What is nodular acne?
Nodular acne is one of the most difficult forms of acne to treat, but there are a few common courses that will likely be recommended by a dermatologist.
Nodular acne is a severe form of acne typically found on the face, chest, and back. It is characterized by deep under-the-skin inflammatory nodules and cysts that are red and painful to touch, and do not typically respond well to standard acne medication.
Though anyone can get nodular acne, and it can occur at any age, it is most common during puberty. Leaving nodular acne untreated can result in pain, severe scarring, and even psychological symptoms such as depression, anxiety, and poor self-esteem.
When a pimple occurs under the skin, it is referred to as cystic acne or nodular acne. Though you may be wondering how to get rid of pimples under the skin by yourself, it is important to treat severe acne under the guidance of a dermatologist, and in a way that will minimize the risk of infection and damage to your skin.
Popping a pimple at home can backfire by worsening the condition and appearance of your skin rather than improving it. Some of the contents from the pimple can be inadvertently pushed deeper inside the skin and lead to increased inflammation, acne that is more noticeable, and possible infection.
Diagnosis for nodular acne
Doctors look at the type of lesions present on the skin to determine how to classify acne. Acne lesions fall on a spectrum from noninflammatory lesions, such as blackheads and whiteheads, to inflammatory lesions such as cysts and nodules. When acne is severe, and consists of mostly inflammatory lesions, a diagnosis of nodular or cystic acne might be given.
Treatments for nodular acne
Nodular acne is one of the most difficult forms of acne to treat, but there are a few common courses that will likely be recommended by a dermatologist. Nodular acne is incredibly persistent and when left untreated, can result in significant scarring, so it is important to seek treatment.
The first treatment plan that most doctors will try is a combination of antibiotics and topical medication. The antibiotic may help lessen redness and inflammation of the skin while the topical medication can soothe and rid the skin of harmful bacteria.
If this treatment plan does not work, as is often the case with severe nodular acne, oral isotretinoin may be prescribed.
Oral isotretinoin is typically prescribed short term, with directions to take it if acne flares up again. Isotretinoin is a potent retinoid medication with severe side effects and should only be taken under the care of a physician.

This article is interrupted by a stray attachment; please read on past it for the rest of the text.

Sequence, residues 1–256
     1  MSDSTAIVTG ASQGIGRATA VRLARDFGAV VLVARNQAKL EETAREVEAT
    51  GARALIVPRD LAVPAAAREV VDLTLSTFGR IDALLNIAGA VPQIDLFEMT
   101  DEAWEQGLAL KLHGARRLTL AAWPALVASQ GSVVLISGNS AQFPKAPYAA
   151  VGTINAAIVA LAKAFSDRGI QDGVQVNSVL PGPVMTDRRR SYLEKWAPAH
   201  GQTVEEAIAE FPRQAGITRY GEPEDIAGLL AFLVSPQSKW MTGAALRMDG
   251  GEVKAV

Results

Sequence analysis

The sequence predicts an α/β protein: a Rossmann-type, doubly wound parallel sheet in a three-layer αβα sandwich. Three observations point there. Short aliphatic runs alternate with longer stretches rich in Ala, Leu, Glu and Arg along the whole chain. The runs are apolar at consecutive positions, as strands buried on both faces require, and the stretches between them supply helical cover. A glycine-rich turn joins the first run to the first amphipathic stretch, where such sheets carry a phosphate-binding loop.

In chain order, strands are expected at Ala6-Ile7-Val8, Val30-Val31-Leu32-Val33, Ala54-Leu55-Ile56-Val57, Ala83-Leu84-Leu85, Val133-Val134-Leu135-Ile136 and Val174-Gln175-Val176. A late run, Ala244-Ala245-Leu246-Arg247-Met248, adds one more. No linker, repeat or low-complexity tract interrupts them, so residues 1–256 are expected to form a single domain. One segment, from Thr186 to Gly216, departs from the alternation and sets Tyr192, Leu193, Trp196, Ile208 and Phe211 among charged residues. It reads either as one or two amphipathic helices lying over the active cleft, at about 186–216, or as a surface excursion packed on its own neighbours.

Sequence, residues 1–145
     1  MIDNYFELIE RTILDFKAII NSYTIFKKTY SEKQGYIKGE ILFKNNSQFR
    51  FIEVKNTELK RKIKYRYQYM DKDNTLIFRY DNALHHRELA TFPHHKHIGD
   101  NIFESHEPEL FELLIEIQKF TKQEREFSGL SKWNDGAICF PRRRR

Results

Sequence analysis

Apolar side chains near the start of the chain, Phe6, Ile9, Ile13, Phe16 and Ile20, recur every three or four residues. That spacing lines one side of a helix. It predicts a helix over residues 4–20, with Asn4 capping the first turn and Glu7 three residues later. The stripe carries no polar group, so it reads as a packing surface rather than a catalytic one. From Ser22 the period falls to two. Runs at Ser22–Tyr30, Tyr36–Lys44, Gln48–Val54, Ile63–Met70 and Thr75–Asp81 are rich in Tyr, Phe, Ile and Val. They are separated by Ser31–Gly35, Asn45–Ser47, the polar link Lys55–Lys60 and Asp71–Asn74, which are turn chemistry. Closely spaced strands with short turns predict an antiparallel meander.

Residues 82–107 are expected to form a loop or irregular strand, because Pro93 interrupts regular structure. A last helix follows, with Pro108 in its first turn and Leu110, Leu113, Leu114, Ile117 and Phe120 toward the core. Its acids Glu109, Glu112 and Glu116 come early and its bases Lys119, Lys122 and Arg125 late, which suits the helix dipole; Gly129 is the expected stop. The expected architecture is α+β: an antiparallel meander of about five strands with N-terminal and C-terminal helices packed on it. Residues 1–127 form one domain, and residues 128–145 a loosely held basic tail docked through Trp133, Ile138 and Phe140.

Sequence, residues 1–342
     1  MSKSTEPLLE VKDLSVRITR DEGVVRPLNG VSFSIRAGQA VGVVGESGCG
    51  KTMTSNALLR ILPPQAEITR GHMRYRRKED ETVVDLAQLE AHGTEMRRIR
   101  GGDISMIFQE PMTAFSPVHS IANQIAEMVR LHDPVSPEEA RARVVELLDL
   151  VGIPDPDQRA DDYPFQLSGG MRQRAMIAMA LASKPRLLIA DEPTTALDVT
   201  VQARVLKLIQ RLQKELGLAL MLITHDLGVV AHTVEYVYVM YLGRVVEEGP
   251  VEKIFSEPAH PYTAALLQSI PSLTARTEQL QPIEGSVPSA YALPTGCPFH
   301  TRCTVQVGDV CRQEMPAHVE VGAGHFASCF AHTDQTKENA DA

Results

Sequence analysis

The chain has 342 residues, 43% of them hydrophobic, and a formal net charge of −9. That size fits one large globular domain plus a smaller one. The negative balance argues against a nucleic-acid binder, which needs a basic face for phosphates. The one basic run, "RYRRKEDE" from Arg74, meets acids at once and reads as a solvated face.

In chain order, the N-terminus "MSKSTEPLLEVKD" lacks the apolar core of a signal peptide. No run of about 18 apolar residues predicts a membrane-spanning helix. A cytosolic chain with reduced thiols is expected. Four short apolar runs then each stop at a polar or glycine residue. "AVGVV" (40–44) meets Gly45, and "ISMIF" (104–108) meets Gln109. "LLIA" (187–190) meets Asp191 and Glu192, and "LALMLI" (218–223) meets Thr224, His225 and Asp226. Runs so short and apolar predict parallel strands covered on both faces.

About 40% of patients achieve remission while on isotretinoin, and others do well when isotretinoin is combined in their treatment plan with oral antibiotics or topical steroids.
Procedures and surgery
To help get rid of acne under the skin, dermatologists often inject a corticosteroid. This method improves the healing time and has a reduced risk of scarring. This procedure is best used when treating one acne nodule or cyst and is not recommended for the treatment of multiple acne blemishes, as corticosteroid injections should be used sparingly.
A procedure called incision and drainage may be used to remove cysts or nodules. During this procedure, a sterile needle or blade will be used to drain the cyst or nodule.
Your dermatologist may recommend comfort measures that you can perform at home to reduce the pain and discomfort of nodular acne. They may also encourage basic skincare hygiene measures to keep your skin clean and healthy between flare-ups. Below are a few ways that you can care for your skin at home:
- Apply cold compresses to the skin to reduce inflammation and soothe painful areas
- Use your fingertips to clean your face with a gentle, non-abrasive, alcohol-free cleanser twice a day
- Rinse your face with warm water
- Limit time in the sun and avoid tanning beds
- If you have oily hair, wash it daily
- Avoid popping acne, and let your skin heal naturally
Possible complications and side effects
When left untreated, nodular acne can result in severe scarring. Because nodular acne does not respond well to standard topical or oral acne medications, the medications that it does respond to come with a higher risk of side effects. If you are experiencing nodular acne that does not resolve itself on its own, contact a physician to figure out a treatment plan that works for you.